There are about 20,000 genes in the human genome that code for proteins, which are essential to the form and function of our physiology. But those coding regions only make up about two percent of the genome. Once dismissed as 'junk,' researchers are now learning more about the vast, noncoding regions of the genome. Researchers have now found new targets for the treatment of cancer within these areas by using cutting edge genomic sequencing techniques, which have helped them learn more about the regulatory purposes they serve. The findings have been reported in Cancer Cell.
Researcher Dr. Mathieu Lupien, Senior Scientist, Princess Margaret Cancer Centre, knew that these non-coding regions served a purpose, and has devoted his work to learn more about them. "We are exploring uncharted territory," Lupien said. "Our goal is to conquer cancer in our lifetime. We have to look everywhere including the darkest parts of the genome of cancer cells for that hidden gold."
Dr. Lupien led an international team of scientists and clinicians in the analysis of 270,000 mutations that were found in primary prostate tumors. The researchers learned that these genetic errors appear in certain noncoding regions that impact proteins that help control whether gene expression is turned on or off. These proteins, dubbed "the maestro of the cell" by Lupien, can stop prostate cancer cells from growing, which makes them good targets for therapeutics.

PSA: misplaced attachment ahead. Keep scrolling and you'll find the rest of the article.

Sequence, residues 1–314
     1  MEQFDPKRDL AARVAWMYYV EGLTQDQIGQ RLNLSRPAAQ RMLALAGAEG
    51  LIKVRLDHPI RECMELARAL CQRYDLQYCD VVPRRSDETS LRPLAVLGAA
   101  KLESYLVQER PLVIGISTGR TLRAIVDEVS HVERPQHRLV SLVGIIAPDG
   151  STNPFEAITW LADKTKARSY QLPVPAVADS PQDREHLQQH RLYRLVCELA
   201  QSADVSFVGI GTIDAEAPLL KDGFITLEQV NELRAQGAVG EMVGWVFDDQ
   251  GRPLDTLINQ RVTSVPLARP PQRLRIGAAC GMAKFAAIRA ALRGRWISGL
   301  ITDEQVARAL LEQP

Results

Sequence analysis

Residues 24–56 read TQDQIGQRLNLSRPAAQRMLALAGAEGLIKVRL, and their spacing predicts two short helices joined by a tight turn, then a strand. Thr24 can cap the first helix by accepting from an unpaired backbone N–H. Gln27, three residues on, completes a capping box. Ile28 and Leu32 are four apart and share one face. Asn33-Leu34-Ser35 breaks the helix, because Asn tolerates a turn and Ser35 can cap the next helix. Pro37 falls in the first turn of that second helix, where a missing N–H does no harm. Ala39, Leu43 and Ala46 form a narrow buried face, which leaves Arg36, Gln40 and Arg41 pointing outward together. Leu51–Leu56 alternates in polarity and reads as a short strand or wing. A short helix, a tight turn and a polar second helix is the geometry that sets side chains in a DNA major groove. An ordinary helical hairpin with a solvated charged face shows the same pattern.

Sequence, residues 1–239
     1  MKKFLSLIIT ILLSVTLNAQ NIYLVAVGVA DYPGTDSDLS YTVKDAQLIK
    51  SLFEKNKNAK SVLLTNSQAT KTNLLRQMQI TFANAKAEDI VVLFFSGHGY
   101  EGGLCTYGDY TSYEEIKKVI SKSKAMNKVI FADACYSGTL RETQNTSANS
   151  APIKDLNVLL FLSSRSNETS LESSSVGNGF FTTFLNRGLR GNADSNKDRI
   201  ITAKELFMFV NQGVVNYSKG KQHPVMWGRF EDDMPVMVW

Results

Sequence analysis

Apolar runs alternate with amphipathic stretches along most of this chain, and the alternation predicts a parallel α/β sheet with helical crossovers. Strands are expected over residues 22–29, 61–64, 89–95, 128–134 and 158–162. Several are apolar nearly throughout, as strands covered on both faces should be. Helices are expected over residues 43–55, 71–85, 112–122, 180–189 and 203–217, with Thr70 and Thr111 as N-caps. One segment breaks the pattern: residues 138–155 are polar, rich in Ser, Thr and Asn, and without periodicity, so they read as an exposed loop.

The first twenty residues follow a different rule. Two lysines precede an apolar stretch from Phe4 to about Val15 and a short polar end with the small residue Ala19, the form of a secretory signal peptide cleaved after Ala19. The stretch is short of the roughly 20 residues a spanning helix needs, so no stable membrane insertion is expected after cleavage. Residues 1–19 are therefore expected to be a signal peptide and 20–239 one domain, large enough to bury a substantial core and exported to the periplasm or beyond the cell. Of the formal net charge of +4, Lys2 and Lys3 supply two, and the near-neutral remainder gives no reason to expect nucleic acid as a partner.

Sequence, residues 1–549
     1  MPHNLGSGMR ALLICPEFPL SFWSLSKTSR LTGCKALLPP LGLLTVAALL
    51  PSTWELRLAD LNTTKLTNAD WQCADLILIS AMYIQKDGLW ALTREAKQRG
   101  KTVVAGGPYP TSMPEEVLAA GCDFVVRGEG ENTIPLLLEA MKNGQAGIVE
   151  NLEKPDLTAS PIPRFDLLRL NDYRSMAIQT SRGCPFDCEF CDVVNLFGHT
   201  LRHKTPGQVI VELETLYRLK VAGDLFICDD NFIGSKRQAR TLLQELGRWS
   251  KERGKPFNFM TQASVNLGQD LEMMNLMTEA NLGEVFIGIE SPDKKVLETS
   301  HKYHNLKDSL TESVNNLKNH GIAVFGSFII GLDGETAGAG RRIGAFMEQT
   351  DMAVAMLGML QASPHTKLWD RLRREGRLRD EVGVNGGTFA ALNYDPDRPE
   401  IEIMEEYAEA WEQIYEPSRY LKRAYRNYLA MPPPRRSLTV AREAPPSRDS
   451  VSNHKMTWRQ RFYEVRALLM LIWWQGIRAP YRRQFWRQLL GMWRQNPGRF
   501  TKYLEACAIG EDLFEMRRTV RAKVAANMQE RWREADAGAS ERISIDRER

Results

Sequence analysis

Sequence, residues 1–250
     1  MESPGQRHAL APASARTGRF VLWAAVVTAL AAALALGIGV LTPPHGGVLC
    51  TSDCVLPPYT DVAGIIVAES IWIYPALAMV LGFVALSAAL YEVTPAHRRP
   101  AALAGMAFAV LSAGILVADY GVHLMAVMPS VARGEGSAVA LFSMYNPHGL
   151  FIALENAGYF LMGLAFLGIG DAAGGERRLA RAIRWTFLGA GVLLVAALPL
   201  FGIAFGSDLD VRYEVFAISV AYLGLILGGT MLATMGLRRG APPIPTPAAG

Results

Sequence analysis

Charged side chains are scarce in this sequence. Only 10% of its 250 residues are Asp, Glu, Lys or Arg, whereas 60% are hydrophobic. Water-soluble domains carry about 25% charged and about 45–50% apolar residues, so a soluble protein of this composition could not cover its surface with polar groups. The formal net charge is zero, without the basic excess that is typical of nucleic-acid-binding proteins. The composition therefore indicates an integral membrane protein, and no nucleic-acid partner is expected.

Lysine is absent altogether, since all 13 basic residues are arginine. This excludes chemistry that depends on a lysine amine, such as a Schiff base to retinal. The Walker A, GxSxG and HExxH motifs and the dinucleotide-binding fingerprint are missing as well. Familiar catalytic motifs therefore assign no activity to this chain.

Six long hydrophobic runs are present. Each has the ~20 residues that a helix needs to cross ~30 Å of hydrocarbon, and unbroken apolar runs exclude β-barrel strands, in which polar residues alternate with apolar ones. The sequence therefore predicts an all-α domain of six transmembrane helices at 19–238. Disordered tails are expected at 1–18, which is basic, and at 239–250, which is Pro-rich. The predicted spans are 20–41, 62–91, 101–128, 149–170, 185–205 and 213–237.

This opens up new avenues in cancer therapy, and capitalizes on the data gathered from their analysis of the mutations in both coding and noncoding areas, he said. "Just imagine the possibilities the noncoding genome opens up," he continued.
Noncoding regions have been increasingly recognized for their influence on not only gene expression, but also disease. Lupien explained that millions of switches that affect gene expression are contained in these portions of the genome, and can impact different types of cells throughout the body.
"Now we can start connecting these genetic switches to cancer development to get a more precise understanding of how disease begins and how we can treat it," he added.
Expanding what we know about biomarkers can help improve precision medicine, said Lupien. "The inclusion of the noncoding genome in our analysis is a leap in the right direction to achieve our goal," he concluded.